Is Your Child Ready for Kindergarten?

By: Renee Zimmerman

For many, the first day of kindergarten means sending your little one off into their next big journey, the world of a formal education. But for those with children of preschool age, particularly those whose children are in their final year before kindergarten, there can be some questions or apprehensions regarding their child’s school readiness.

In 2010 the Silicon Valley Community Foundation and First Five San Mateo County collaborated on an excellent publication titled “Is Your Child Ready for Kindergarten?” Below is a summary from the booklet of the key skills children will need to be successful in kindergarten and beyond, as well as some specific activities parents can undertake to support the development of those skills. It is understood that children with special needs or other identified delays may not master these skills by kindergarten and in that context, this summary applies to typically developing children.

Each child is unique and has strengths in many different areas. Kindergarten teachers tell us that children are best prepared for school when they have a balance of skills in these areas and they demonstrate those skills as follows:

Social-Emotional Development

  • Talk to adults and ask for help when they need it
  • Take turns, share and help others
  • Stay focused and pay attention for 10-15 minutes at a time
  • Follow one and two step directions such as “Please put away your crayons and then bring me your paper.”
  • Feel good about themselves and their culture

Physical Health and Well-Being

  • Are healthy and have up-to-date immunizations
  • Are well rested
  • Can eat, wash hands and use the toilet by themselves

Language Development

  • Hear and understand the meaning of words, stories and songs
  • Use words to talk about thoughts, wants, needs and feelings
  • Have a strong foundation in their home language, which can help them learn English

Early Academics

  • Know how to use a book: where to start, which way to turn pages; that the pictures and printed words tell a story
  • Know the letters of the alphabet and can write some letters in their first name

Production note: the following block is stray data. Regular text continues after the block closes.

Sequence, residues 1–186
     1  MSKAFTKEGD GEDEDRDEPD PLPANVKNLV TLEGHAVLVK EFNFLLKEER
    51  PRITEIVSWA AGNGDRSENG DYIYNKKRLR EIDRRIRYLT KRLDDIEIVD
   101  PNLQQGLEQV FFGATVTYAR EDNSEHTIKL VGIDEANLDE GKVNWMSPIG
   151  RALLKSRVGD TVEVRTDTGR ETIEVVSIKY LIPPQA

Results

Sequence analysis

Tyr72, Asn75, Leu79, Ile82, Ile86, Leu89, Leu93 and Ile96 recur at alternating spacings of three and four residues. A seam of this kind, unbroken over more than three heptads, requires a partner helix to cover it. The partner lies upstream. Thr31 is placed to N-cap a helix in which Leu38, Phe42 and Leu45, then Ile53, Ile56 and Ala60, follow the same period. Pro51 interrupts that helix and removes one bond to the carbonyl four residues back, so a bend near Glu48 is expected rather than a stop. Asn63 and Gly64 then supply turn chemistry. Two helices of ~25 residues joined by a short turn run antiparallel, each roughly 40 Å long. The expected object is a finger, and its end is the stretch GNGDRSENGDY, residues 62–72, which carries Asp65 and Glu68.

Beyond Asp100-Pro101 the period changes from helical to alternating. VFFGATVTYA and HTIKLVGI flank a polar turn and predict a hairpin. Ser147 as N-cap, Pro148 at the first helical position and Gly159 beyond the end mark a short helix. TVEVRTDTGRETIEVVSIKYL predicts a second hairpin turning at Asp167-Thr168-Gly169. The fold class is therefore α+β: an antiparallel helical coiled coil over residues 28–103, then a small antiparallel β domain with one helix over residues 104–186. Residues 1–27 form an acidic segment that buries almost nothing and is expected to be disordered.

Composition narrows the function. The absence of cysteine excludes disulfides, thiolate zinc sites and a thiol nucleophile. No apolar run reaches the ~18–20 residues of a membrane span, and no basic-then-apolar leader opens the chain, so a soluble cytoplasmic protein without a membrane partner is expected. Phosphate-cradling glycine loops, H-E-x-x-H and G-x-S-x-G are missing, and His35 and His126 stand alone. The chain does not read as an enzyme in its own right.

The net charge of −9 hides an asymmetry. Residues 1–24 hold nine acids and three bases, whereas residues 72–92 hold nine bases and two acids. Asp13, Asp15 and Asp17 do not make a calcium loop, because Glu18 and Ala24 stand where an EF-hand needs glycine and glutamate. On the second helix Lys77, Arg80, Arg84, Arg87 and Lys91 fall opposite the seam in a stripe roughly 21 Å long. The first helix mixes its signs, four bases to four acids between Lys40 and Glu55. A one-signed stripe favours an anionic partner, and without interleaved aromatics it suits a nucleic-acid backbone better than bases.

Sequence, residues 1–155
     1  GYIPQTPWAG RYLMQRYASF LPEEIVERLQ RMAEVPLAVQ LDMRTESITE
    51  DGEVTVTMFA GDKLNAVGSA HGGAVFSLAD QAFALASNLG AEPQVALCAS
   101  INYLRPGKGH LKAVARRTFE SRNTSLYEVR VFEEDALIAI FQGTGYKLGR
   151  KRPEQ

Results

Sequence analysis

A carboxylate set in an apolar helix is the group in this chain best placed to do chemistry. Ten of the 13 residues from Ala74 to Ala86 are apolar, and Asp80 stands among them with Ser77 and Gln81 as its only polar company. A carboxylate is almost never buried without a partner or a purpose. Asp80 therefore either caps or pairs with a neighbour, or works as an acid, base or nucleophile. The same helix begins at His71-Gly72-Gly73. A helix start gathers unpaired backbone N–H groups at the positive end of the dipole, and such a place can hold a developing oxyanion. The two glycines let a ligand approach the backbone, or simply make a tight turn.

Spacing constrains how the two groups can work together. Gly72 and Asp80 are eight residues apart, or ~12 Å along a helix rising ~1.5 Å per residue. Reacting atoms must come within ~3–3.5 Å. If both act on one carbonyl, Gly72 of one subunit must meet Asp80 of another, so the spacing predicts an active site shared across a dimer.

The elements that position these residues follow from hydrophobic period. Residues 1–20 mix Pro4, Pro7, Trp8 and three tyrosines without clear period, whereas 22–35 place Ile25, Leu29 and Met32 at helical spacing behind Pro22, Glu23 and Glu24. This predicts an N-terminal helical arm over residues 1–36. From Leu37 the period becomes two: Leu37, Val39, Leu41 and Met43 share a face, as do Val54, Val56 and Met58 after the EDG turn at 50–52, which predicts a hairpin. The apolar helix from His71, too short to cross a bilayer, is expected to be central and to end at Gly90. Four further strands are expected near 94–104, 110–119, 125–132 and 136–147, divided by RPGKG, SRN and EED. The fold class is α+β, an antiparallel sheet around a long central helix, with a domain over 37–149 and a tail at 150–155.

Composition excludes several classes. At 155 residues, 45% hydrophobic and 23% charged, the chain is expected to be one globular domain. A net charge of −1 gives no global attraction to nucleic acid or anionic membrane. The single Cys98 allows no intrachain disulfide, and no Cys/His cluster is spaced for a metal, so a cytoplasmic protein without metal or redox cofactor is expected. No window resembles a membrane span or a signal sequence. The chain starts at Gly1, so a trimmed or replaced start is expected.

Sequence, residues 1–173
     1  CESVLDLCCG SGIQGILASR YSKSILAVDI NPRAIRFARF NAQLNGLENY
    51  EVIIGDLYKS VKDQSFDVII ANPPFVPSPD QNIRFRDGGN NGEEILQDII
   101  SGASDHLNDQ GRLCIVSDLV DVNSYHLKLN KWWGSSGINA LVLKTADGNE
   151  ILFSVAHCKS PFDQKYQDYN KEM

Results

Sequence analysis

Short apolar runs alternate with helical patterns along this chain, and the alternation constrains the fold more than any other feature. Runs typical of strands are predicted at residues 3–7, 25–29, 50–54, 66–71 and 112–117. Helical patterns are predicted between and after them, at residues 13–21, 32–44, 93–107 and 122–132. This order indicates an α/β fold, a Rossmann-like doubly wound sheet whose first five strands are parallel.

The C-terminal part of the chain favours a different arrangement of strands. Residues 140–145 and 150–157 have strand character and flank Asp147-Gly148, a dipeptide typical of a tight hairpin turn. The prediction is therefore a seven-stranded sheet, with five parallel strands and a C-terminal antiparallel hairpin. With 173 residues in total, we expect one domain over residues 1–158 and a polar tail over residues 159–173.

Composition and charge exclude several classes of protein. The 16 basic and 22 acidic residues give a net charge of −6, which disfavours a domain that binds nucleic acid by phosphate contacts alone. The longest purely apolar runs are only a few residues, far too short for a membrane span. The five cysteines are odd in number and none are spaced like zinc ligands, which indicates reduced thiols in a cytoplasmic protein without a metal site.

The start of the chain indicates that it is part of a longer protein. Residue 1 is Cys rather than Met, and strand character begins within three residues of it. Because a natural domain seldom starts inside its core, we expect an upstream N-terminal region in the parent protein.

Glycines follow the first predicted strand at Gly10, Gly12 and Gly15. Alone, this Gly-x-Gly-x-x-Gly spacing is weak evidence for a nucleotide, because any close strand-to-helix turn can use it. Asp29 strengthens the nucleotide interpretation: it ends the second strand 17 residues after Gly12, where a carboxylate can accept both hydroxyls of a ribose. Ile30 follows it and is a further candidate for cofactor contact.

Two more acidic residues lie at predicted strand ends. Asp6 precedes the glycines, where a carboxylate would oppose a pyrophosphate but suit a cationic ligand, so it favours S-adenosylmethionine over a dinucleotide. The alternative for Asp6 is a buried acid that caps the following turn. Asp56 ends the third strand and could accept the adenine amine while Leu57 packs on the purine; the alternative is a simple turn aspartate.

• Know rhyming words like pat, hat, cat, bat
  • Know primary colors and shapes, such as red, blue, green, circle, square, triangle

As parents, you can help your child gain these skills by taking an active role and doing the following:

Social-Emotional Development

  • Set regular routines and consistent limits for your child
  • Help your child learn from his or her mistakes
  • Help your child find ways to calm down when he or she is frustrated
  • Teach your child that all feelings are okay but not all actions are okay, i.e., “It’s okay to be upset but not okay to hit someone.”

Physical Health and Well-Being

  • Provide healthy meals and snacks including whole grains, protein, fresh fruits and vegetables. Limit fats and sugars
  • Make time for your child to run, jump and move for at least 30 minutes a day
  • Limit TV watching and other screen time to no more than one hour a day
  • Make sure your child gets 10-12 hours of sleep every night

Language Development

  • Talk to your child as often as possible about many different ideas
  • Sing songs and read rhyming stories with your child
  • Listen carefully and ask questions when your child is talking
  • Continue to speak your home language with your child
  • Point out letters and numbers in everyday places like cereal boxes and signs
  • Use daily life activities like laundry and shopping to teach your child new concepts such as colors, numbers and categories
  • Remember: children learn through play and learning is fun!

Additionally, it should be pointed out that for your child’s safety, they should know his or her first and last name, who will pick him or her up after school, a phone number where you can be reached and whether s/he has any food allergies.

As you can see, there is a lot that parents can do, in addition to their child participating in a formal preschool program, to support their kindergarten school readiness. The complete booklet can be found at www.siliconvalleycf.org/docs/kindergarten-guide-english.pdf. Two other good resources on this topic are www.scholastic.com/parents/resources/collection/what-to-expect-grade/count-down-to-kindergarten and www.education.com/grade/kindergarten/.

Renee Zimmerman has been the Executive Director of Family Connections since 2004. Family Connections is the only 100% tuition-free parent participation early childhood education and preschool program in the State of California and serves over 400 individuals annually at its three locations in Redwood City, Menlo Park and East Palo Alto. For more information visit www.familyconnections.org.